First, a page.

The Heels have faced three top-100 opponents and received a spanking from each. Their NCAA Tournament resume is so thin that they’d better write a very charming cover letter to the tournament selection committee.
They host their final non-conference opponent on Saturday afternoon. No. 20 UNLV will stroll into town with an impressive 11-1 record and an opportunity to win admirers on the East Coast. The Runnin’ Rebels defeated No. 1 Carolina last year in a major surprise, but they may be this weekend’s betting favorite (lines haven’t yet been released).
ESPN’s Andy Katz summed it up: “UNLV enters Saturday's game at North Carolina as the ranked team and the squad expected to win since it is more relevant nationally this season.”
And this UNC team doesn’t have Tyler Zeller, John Henson, Harrison Barnes or Kendall Marshall. And that UNLV squad didn’t have potential All-American Anthony Bennett, a sensational freshman who could become the top overall pick in this spring’s NBA draft.
Bennett may even contend for the best dunk at the Smith Center since DeQuan Jones in 2008-09 (there’s evidently no HD version of this clip, but it’s decent if you switch the quality to 480p).
The Tar Heels stand to gain a great deal with a win. They begin ACC play the following weekend and must alter their trajectory if they hope to make the Tournament and perhaps earn a single-digit seed. They’ve hardly looked like an NCAA-worthy squad thus far, and they’ll have to compete far more vigorously to defeat UNLV, even at home.
I’ve previously examined the divergence between UNC’s jump shooters against strong versus weak competition, and Saturday will mark the latest opportunity for wings Reggie Bullock, P.J. Hairston and Leslie McDonald to reverse course. I’ve also questioned whether Roy Williams’ preferred offense matches his current personnel.
But freshman point guard Marcus Paige has begun to progress, handing out nine assists against zero turnovers in last weekend’s victory against McNeese State. The Heels also continue to scintillate from three-point range in their wins, compiling a stellar 13-for-28 mark versus McNeese. Optimism exists, then, that the shooters suffer from a translational issue when they square off against stout opponents, rather than simply lacking the ability.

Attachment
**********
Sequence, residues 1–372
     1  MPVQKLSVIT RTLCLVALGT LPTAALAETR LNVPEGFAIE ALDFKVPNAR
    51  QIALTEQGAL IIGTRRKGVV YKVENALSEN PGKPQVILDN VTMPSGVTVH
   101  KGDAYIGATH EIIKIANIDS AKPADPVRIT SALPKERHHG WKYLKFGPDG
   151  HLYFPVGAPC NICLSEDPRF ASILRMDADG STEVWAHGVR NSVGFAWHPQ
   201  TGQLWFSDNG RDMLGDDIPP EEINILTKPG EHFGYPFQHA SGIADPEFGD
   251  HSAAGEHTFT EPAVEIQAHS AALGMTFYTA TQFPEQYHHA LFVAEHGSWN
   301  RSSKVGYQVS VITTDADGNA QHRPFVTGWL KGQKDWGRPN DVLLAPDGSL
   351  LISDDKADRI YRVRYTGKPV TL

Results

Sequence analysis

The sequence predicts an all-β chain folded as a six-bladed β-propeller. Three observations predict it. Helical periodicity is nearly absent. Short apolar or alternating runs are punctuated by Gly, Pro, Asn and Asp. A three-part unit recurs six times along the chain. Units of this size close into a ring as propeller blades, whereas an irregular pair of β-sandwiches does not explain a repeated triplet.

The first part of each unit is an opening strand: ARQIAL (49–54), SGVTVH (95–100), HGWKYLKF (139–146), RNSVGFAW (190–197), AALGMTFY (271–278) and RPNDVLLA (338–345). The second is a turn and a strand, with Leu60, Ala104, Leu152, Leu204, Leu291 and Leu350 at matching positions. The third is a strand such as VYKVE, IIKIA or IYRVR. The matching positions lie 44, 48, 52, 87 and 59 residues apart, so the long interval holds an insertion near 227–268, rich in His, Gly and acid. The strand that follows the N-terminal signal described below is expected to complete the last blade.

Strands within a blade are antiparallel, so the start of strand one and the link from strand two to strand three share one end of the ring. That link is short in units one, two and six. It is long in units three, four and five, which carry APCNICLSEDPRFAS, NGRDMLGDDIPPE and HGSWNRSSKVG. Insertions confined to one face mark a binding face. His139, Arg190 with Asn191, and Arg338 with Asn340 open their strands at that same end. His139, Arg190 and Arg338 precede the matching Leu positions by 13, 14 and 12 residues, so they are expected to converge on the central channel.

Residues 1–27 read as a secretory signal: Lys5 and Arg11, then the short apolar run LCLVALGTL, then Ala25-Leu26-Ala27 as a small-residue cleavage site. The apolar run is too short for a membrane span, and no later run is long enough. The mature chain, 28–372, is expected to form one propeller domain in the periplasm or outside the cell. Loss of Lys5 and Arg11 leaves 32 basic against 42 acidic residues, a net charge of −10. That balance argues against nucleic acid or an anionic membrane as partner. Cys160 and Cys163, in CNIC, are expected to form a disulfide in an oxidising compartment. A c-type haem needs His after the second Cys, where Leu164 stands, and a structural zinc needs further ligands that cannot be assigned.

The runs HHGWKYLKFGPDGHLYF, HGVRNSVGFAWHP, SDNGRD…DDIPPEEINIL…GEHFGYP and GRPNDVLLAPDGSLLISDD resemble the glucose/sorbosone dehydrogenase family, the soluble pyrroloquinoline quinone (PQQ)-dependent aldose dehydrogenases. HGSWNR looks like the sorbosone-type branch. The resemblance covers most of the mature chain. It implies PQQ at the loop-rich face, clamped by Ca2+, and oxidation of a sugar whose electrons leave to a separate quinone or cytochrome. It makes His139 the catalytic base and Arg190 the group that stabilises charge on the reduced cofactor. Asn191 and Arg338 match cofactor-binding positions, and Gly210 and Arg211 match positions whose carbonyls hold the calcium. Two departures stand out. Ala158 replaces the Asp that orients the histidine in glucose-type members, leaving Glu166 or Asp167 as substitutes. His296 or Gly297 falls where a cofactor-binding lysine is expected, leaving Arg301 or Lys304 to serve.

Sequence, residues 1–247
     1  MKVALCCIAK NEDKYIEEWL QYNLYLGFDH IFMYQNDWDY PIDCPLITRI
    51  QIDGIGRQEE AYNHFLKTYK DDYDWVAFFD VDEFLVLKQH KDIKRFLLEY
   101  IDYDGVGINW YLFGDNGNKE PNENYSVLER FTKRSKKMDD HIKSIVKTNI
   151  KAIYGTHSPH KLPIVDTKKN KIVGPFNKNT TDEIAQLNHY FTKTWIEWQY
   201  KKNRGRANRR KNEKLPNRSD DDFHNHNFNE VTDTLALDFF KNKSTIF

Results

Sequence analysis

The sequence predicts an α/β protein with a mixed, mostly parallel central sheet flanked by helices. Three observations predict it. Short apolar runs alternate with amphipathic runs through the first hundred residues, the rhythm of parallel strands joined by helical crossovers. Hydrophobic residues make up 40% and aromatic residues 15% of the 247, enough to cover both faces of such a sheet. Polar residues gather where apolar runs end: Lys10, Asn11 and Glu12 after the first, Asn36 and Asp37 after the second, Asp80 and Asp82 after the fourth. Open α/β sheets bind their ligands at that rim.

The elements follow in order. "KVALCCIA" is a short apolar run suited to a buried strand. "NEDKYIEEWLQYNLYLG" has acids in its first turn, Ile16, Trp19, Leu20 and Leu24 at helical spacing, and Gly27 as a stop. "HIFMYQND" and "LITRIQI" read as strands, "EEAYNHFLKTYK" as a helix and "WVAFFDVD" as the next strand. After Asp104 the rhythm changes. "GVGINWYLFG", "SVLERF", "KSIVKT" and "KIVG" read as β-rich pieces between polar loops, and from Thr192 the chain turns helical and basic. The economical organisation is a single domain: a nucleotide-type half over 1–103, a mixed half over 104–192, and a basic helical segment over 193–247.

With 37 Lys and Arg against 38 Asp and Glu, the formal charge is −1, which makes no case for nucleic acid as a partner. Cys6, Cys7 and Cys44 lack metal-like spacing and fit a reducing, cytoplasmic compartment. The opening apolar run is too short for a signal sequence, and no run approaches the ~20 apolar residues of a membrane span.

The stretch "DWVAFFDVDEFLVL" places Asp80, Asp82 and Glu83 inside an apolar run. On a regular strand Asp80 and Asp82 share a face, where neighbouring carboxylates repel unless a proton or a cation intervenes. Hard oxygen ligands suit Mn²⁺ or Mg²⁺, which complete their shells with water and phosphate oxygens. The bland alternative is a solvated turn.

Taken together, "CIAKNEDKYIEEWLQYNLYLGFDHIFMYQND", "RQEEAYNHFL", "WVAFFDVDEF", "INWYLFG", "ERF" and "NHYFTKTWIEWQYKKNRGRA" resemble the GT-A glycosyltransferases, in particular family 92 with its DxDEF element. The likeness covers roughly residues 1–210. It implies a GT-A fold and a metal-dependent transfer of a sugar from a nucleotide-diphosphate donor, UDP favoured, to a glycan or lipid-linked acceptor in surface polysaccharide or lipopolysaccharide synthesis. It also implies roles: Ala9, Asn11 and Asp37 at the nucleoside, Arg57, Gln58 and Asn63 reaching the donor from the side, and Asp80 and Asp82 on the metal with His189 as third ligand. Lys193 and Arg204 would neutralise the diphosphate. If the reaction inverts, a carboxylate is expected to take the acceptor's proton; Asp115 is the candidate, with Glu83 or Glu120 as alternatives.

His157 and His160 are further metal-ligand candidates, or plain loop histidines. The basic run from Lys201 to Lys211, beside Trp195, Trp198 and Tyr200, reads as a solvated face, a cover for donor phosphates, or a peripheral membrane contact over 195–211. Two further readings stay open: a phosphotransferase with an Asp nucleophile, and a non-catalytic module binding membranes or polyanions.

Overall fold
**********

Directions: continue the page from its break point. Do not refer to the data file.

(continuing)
That optimism appears to be the only plausible path forward. The Tar Heels lack a viable interior scoring game and have succeeded on offense only to the extent they’ve made perimeter shots.
Williams hasn’t backed down from his core philosophies, including an uptempo style. In fact, UNC ranks No. 2 in pace according to KenPom.com. Last season’s squad finished No. 10, while the national title clubs of 2009 and 2005 both ranked No. 8. Most major conference programs rank outside the top 100 (out of 347 Division I teams), as teams with less size tend to rely on speed and shooting rather than post play.
UNLV resides at No. 22, suggesting that Saturday’s contest will be extremely fast. If Carolina doesn’t perform better offensively and rush back in transition defense, another stomping likely will ensue.
The Heels don’t play the role of underdog often, and certainly not at the Smith Center. They’re undefeated there this season and need every advantage at their disposal to prevail. If they can, they’ll quiet critics and the growing, wild and wholly unsubstantiated rumors about locker room problems.
A little winning goes a long way, and Saturday marks an event that very well may resonate when the selection committee announces the Tournament field in March.